On the emergence of biological complexity: Life as a kinetic state of matter

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Abstract

A kinetic model that attempts to further clarify the nature of biological complexification is presented. Its essence: reactions of replicating systems and those of regular chemical systems follow different selection rules leading to different patterns of chemical behavior. For regular chemical systems selection is fundamentally thermodynamic, whereas for replicating chemical systems selection is effectively kinetic. Building on an extension of the kinetic stability concept it is shown that complex replicators tend to be kinetically more stable than simple ones, leading to an on-going process of kinetically-directed complexification. The high kinetic stability of simple replicating assemblies such as phages, compared to the low kinetic stability of the assembly components, illustrates the complexification principle. The analysis suggests that living systems constitute a kinetic state of matter, as opposed to the traditional thermodynamic states that dominate the inanimate world, and reaffirms our view that life is a particular manifestation of replicative chemistry.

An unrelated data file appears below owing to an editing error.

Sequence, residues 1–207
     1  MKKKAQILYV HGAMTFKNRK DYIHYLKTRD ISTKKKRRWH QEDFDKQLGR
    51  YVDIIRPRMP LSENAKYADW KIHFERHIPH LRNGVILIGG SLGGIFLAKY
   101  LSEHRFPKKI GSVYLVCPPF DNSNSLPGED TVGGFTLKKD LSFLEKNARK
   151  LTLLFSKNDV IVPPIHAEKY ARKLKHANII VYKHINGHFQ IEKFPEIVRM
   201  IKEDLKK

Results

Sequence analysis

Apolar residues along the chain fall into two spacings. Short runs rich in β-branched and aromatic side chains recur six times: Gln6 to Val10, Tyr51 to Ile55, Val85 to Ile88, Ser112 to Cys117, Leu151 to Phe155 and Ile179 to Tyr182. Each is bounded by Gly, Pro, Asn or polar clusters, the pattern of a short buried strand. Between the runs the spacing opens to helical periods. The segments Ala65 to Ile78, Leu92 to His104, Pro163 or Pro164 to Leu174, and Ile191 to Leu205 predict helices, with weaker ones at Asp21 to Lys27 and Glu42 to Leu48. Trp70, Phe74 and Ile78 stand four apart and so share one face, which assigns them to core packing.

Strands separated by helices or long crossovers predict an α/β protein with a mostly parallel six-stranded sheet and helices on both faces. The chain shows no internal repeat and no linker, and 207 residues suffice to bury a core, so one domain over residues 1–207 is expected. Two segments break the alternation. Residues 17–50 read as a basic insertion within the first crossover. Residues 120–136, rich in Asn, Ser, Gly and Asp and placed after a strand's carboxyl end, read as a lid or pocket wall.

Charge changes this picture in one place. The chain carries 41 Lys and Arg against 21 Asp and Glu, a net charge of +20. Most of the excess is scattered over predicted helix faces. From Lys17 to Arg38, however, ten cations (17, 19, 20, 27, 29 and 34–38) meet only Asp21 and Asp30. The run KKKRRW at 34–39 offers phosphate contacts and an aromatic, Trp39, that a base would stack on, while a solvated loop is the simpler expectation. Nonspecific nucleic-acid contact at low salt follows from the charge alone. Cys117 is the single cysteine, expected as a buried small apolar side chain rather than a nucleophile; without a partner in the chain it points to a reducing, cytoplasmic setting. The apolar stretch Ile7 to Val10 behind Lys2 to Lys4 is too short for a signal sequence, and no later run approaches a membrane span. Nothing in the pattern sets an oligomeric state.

Original languageEnglish
Pages (from-to)151-166
Number of pages16
JournalOrigins of Life and Evolution of Biospheres
Volume35
Issue number2
DOIs
StatePublished - 1 Apr 2005

Keywords

  • Biological complexification
  • Chemical evolution
  • Kinetic stability
  • Kinetic state of matter
  • Molecular replication
  • Origin of life

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